Original beams crafted from Ibiza’s native Sabina pine trees are paired with contemporary low-slung furniture in the double-height living space that is illuminated by bright white walls.
    Find out more about Casa Campo ›
    Photo is by Jim StephensonMade of Sand, UK, by Studio Weave
    Architecture office Studio Weave designed a wooden extension to a stone cottage in Devon’s Blackdown Hills in the English countryside, which was created as a creative workspace for its owners and visiting artists.
    Called Made of Sand, the extension’s interior is defined by built-in timber window seats and wall storage that is framed by large glass windows.
    “The contrast between materials, old and new, in and out, are foregrounded to create a distinct sense of rest and relaxation in the new spaces,” said studio director Je Ahn.
    Find out more about Made of Sand ›
    Photo is by Ronan MézièreLa Brèche, Canada, by Naturehumaine
    Two volumes connected by a walkway make up La Brèche, a ski cottage in Quebec by Montreal studio Naturehumaine that features facades informed by the area’s vernacular architecture.
    Floor-to-ceiling corner windows illuminate the living space, which is characterised by a polished concrete floor and minimal accents of colour and texture.
    Find out more about La Brèche ›
    Photo is by Joel EspositoMuskoka Cottage, Canada, by Studio Paolo Ferrari
    Named after its location in Canada’s Muskoka region, this cottage interior features exposed finishes informed by the surrounding natural forests and the area’s geological details.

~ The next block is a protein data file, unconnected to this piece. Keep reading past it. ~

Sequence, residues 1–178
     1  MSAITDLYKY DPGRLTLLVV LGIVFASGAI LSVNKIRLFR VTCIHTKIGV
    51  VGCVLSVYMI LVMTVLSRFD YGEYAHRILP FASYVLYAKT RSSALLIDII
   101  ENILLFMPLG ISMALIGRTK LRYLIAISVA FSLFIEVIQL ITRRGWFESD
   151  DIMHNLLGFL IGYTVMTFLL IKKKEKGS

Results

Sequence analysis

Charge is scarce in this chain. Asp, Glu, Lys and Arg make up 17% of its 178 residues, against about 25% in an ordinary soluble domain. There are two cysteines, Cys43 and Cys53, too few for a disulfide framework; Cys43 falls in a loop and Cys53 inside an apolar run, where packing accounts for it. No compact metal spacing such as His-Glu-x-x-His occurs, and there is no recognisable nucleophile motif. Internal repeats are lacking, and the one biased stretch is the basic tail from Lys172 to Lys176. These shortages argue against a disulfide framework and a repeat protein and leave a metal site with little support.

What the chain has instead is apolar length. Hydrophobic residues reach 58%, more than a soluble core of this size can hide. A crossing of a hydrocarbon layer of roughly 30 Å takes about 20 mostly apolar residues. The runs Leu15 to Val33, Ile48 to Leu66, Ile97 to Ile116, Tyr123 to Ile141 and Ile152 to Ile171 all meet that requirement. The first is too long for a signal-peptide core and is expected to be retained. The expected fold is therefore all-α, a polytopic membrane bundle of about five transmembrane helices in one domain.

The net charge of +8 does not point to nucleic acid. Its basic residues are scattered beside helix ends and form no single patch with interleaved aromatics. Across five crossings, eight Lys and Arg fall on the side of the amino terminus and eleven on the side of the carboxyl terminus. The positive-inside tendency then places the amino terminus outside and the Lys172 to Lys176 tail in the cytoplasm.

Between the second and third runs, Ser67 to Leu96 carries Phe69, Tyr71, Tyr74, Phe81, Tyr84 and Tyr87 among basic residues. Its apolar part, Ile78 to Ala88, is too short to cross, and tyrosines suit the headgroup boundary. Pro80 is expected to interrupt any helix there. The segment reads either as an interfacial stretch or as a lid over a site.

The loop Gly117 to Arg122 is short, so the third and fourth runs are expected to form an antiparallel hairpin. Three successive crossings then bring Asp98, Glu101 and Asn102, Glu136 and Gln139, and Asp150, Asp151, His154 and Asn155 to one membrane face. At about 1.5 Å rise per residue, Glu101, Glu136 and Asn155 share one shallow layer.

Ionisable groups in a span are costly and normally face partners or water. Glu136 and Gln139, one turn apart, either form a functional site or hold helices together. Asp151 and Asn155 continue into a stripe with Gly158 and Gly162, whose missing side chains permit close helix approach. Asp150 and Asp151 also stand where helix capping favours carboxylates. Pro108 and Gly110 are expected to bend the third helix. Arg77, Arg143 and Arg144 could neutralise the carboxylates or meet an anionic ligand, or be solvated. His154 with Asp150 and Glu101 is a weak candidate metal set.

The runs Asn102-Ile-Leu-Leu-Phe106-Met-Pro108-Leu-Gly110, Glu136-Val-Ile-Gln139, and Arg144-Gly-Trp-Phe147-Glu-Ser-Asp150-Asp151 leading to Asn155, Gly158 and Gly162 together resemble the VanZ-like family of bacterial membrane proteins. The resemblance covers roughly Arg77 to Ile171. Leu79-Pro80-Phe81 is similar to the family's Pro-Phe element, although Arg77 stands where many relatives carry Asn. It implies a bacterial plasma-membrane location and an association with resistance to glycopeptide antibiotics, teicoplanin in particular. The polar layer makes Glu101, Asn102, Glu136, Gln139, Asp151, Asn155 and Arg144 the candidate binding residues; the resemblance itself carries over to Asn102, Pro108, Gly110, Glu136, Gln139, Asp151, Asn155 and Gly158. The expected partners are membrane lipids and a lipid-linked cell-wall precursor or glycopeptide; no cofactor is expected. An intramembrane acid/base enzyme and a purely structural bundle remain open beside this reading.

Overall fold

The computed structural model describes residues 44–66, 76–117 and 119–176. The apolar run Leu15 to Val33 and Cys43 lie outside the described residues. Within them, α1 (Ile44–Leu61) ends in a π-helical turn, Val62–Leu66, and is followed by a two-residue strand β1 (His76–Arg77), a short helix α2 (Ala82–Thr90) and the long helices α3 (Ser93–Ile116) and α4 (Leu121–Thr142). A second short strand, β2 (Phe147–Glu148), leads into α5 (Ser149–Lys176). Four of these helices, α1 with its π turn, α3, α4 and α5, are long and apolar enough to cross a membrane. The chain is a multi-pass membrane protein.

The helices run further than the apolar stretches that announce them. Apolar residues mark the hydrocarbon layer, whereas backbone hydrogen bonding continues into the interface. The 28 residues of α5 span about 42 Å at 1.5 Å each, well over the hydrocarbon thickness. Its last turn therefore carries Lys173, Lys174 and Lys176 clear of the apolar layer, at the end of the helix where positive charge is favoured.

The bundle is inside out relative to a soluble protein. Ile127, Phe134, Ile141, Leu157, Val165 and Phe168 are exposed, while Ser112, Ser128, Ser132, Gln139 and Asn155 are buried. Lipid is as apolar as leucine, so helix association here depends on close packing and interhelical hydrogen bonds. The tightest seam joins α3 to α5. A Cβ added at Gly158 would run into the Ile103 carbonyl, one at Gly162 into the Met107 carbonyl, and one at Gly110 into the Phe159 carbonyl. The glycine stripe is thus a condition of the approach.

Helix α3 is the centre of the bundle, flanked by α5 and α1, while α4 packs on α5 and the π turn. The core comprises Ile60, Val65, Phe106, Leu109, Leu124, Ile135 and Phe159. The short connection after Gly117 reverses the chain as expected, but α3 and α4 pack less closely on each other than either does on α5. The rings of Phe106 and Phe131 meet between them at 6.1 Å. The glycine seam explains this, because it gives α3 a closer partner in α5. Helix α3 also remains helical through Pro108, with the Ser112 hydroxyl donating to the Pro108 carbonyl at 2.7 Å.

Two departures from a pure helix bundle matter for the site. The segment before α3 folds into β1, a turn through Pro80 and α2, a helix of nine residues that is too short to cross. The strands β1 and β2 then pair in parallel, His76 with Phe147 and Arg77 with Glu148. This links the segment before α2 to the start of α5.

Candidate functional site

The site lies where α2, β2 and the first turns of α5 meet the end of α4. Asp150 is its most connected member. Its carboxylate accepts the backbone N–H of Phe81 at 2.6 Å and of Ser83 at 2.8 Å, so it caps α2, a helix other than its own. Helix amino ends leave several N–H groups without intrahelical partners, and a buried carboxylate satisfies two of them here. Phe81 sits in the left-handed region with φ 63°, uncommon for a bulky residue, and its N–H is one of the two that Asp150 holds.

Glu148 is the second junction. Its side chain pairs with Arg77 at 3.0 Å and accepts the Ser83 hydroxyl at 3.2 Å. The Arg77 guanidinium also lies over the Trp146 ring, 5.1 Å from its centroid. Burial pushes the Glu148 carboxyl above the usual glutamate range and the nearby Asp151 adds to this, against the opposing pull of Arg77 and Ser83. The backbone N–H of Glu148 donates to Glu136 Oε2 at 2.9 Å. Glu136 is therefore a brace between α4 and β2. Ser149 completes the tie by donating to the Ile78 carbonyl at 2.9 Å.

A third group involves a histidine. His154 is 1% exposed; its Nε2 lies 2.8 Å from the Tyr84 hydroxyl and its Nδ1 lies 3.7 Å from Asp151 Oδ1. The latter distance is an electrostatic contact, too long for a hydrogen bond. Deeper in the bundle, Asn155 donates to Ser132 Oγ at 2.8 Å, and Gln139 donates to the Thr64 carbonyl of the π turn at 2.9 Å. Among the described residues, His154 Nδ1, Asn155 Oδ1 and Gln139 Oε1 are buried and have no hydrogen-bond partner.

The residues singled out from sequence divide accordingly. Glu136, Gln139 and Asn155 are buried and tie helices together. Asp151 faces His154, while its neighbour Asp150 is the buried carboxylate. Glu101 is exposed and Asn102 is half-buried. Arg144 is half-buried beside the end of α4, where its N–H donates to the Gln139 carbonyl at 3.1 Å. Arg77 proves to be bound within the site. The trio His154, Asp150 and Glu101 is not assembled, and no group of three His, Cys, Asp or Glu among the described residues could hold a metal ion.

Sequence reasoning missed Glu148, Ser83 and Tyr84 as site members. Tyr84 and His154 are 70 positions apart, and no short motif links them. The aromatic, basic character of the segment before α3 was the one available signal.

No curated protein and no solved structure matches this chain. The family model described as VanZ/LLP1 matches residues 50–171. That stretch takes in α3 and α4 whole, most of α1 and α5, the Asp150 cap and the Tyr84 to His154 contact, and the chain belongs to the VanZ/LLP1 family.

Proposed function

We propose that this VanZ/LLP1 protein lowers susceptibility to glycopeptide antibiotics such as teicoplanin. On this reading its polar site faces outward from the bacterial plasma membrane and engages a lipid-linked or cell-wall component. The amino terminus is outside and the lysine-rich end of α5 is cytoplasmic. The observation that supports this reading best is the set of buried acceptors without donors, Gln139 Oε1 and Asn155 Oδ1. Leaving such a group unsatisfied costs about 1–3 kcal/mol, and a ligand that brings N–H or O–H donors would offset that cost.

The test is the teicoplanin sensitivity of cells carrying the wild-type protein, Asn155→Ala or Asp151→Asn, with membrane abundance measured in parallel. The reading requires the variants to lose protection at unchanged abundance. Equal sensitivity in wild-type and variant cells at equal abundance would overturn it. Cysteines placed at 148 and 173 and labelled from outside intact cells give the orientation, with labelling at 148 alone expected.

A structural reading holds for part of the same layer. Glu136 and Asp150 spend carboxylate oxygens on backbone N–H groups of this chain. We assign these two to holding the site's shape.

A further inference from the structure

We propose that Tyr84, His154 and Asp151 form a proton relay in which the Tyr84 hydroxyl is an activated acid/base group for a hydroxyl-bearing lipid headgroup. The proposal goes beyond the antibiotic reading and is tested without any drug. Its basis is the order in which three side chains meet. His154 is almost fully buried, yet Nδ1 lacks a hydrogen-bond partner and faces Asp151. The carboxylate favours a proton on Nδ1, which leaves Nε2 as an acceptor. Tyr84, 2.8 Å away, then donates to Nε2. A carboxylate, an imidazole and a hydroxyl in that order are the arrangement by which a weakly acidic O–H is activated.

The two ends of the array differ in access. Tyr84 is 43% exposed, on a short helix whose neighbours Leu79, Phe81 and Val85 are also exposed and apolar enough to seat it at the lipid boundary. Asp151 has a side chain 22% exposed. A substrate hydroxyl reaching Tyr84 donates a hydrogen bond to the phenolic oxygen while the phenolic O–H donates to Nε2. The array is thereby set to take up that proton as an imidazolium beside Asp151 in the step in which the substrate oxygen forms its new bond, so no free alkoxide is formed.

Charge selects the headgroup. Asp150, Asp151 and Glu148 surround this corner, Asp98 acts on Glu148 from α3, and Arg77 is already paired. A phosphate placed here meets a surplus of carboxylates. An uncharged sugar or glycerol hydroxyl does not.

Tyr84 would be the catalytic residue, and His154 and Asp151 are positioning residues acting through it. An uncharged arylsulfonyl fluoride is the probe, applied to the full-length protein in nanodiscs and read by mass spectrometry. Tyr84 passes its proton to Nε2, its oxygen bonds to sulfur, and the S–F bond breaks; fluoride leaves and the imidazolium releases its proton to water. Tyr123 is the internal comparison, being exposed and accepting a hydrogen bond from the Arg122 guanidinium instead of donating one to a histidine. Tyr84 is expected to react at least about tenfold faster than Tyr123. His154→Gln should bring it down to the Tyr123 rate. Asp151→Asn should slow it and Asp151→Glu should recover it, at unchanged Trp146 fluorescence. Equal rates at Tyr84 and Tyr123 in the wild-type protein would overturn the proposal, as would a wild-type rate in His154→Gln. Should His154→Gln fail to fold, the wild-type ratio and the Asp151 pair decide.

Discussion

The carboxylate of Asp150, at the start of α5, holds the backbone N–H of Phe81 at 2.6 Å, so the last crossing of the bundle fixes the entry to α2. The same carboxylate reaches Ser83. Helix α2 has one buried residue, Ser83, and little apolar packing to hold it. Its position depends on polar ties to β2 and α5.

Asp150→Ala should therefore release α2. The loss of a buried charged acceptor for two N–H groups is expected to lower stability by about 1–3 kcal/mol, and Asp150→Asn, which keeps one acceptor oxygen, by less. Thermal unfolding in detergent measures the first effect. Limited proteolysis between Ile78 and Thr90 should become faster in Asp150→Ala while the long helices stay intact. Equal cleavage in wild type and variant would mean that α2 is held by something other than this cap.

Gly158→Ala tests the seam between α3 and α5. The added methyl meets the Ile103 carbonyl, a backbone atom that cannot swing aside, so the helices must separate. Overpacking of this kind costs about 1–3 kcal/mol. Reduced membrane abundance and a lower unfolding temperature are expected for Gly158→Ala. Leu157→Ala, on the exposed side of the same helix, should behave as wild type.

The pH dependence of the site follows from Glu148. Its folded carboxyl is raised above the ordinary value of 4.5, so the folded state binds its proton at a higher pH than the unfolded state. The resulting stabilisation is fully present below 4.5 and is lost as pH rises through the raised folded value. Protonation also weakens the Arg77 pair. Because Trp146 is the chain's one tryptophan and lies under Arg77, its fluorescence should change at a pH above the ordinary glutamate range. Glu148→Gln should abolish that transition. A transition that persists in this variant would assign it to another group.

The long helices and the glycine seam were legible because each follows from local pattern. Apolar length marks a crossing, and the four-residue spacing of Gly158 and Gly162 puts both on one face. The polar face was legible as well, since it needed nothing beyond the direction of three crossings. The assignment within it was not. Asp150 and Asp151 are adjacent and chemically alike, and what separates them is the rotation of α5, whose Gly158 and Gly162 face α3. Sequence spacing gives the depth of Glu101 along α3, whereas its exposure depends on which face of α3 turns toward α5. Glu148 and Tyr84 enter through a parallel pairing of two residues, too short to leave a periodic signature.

These include sandy-hued, Douglas fir exposed ceilings and large slabs of granite that make up various statement islands throughout the home, as well as a large fireplace in the living space.
    “The granite is coarse-grained and hard,” noted Studio Paolo Ferrari. “It references the minerality of the site and imbues the interiors with a sense of ruggedness.”
    Find out more about Muskoka Cottage ›
    Photo is by Paul Crosby PhotographyThe Marlboro Music Cottages, USA, by HGA Architects and Engineers
    The Marlboro Music Cottages are a series of cabin-style dwellings by HGA Architects and Engineers (HGA) for musicians staying in New England over the summer during the Marlboro Music School and Festival, an annual event.
    HGA took cues from the single-storey boxy dwellings with gabled roofs that populate Cape Cod for the cottages’ architecture. Cedar plank cladding and pitched roofs were used to embrace the homes’ natural setting.
    Inside, the cottage interior features exposed timber ceilings, pine-sheathed walls and slate flooring, adding to this pared-back approach.
    Find out more about The Marlboro Music Cottages ›
    Photo is by Michael MoranHamptons cottage, USA, by Birdseye Design
    A double-height living space offers views of the surrounding Hamptons at this cottage by architecture studio Birdseye Design, which is wrapped in thin wooden slats that nod to local traditional buildings.